Since last year’s presidential election, progressives have consistently stated that President Donald Trump’s election was not a victory for right-wing politics over progressive politics, but a victory for populism over the status quo. This, many have argued, is the key takeaway from 2016, which saw the Democratic Party lose control of all three branches of government, along with the majority of state legislatures and governorships.
Not surprisingly, the party establishment has yet to fully accept this verdict, and there remains an obstinate resistance to populism within the Democratic Party’s ranks. Indeed, many continue to insist that the 2016 election was a disaster because Democrats were too progressive, rather than being too much in line with the Establishment.
This perspective was dealt yet another blow this week, however, when two relatively minor elections in the Northeast provided further confirmation that populism is the pragmatic way forward for Democrats.
The first was in New York’s Long Island, where Christine Pellegrino, a progressive and Bernie Sanders delegate at last year’s Democratic National Convention, was elected to the New York State Assembly on Tuesday. The significance here is that just six months ago, Donald Trump won by a whopping 23 points in this Republican-leaning suburban district, where Pellegrino becomes the first Democrat to hold the Assembly seat, according to Newsday. In the Nation, John Nichols summed up this “Berniecrat” candidate and her successful populist campaign:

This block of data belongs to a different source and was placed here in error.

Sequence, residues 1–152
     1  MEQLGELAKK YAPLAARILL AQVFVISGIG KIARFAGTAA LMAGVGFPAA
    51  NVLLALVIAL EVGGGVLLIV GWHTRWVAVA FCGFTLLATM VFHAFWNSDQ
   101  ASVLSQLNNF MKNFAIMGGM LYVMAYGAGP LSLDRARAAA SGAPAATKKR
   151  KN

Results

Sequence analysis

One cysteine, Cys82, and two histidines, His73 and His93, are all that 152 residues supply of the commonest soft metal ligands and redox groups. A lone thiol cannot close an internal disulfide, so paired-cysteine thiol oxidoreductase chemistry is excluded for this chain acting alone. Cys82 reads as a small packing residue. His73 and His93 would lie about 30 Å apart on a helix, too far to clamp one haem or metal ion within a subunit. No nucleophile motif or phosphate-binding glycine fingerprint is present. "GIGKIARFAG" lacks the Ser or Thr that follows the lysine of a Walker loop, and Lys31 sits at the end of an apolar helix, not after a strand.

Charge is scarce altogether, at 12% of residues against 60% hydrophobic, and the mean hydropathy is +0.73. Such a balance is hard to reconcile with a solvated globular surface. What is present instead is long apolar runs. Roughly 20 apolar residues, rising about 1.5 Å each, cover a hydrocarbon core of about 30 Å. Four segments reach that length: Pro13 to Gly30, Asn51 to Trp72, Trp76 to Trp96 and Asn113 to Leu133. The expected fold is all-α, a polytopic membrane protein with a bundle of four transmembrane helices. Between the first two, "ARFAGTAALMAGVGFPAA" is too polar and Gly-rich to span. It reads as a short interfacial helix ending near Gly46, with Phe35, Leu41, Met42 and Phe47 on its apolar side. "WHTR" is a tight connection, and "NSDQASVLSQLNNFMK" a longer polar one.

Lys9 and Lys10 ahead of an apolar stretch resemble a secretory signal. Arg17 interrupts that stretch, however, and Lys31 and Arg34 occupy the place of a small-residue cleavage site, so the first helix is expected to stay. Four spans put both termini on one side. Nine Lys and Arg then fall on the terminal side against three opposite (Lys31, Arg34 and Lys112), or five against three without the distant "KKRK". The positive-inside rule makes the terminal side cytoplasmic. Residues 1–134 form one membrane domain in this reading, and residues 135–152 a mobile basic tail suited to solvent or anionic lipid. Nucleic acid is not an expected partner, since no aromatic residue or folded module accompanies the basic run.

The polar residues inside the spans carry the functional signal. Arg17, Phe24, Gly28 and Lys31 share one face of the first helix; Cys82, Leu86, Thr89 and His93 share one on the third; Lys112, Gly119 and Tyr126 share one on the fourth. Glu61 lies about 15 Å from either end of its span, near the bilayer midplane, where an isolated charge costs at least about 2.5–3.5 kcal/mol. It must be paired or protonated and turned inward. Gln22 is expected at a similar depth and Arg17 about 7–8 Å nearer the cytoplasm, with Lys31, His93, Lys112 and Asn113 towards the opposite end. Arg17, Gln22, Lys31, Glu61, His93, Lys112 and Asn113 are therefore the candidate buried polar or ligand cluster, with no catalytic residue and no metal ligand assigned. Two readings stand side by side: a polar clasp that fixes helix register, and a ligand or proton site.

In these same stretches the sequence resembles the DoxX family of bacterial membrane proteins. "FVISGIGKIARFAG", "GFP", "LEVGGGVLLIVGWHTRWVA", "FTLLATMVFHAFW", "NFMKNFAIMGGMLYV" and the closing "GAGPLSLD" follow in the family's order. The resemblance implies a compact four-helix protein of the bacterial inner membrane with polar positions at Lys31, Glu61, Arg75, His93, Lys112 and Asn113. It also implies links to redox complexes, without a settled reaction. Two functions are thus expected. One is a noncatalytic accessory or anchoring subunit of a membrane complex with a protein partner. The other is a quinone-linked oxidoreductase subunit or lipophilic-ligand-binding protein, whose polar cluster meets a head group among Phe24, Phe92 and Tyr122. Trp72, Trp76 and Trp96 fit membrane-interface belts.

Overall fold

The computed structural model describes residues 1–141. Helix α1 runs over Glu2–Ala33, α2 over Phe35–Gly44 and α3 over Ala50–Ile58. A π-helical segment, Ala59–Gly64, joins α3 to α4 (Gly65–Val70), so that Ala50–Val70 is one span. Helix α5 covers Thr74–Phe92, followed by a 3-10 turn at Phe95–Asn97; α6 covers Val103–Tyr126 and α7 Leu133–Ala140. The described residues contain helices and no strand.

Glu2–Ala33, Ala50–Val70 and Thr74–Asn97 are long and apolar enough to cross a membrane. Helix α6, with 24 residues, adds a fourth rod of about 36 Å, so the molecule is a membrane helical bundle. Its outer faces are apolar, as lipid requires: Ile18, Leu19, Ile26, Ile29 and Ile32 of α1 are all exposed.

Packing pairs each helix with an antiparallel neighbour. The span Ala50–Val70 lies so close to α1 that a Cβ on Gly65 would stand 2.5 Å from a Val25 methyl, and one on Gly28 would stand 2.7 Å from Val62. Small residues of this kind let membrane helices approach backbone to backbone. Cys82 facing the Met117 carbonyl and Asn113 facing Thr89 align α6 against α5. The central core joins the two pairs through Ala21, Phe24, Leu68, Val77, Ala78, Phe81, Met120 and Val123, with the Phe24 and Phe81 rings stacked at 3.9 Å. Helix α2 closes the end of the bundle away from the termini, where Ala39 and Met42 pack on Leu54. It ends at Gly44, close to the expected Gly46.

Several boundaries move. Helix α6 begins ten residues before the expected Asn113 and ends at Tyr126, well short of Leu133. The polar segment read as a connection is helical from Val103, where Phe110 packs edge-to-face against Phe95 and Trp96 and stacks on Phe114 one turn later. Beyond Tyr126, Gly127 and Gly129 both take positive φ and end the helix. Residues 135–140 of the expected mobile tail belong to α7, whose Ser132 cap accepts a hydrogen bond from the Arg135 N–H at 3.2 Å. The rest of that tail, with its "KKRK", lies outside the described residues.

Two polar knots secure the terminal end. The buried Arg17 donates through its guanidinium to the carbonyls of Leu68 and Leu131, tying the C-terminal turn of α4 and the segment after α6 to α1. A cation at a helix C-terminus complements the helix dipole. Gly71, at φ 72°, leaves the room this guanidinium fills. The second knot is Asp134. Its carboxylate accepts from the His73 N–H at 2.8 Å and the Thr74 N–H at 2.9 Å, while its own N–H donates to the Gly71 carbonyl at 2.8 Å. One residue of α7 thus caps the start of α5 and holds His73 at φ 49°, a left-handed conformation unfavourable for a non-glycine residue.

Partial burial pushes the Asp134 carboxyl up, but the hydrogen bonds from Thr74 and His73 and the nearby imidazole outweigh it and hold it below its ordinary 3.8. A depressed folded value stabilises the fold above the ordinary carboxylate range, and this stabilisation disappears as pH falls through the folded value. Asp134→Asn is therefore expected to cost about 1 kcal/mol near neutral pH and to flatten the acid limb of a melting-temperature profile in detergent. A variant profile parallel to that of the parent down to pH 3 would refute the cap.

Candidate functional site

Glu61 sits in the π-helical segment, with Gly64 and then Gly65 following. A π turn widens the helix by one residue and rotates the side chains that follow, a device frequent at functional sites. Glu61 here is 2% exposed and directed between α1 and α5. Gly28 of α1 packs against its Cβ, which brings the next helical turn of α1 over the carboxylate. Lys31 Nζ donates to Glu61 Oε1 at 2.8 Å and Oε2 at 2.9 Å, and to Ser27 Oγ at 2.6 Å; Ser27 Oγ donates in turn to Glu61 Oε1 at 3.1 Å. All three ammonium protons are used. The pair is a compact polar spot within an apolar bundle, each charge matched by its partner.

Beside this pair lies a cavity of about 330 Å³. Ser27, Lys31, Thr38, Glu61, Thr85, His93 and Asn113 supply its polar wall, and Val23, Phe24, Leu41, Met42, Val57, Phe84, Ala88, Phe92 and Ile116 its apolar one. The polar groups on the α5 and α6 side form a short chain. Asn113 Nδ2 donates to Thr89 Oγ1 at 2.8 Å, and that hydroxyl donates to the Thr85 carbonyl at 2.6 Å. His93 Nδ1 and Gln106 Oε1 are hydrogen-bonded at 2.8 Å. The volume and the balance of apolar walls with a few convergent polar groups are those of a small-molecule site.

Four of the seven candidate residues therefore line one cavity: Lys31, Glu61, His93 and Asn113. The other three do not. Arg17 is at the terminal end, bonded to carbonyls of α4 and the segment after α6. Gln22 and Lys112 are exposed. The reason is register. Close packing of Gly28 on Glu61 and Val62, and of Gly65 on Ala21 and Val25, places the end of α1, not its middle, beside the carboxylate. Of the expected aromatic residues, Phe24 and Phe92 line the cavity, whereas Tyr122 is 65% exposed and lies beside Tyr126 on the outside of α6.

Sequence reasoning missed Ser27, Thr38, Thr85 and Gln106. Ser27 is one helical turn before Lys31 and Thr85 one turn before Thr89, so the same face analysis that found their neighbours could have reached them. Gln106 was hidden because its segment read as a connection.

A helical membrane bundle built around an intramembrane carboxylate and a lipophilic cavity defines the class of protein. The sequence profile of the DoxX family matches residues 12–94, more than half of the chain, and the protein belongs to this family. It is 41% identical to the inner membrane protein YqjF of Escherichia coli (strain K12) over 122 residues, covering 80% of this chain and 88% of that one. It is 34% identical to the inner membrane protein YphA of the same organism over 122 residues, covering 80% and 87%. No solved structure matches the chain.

Pellegrino, a founding member of the group Long Island Activists, which was “born out of the Bernie Sanders movement,” ran an edgy anti-corruption campaign that recognized the mood of voters who are frustrated with politicians of both major parties. [And] it worked. The progressive won 58 percent of the vote her conservative foe’s 42 percent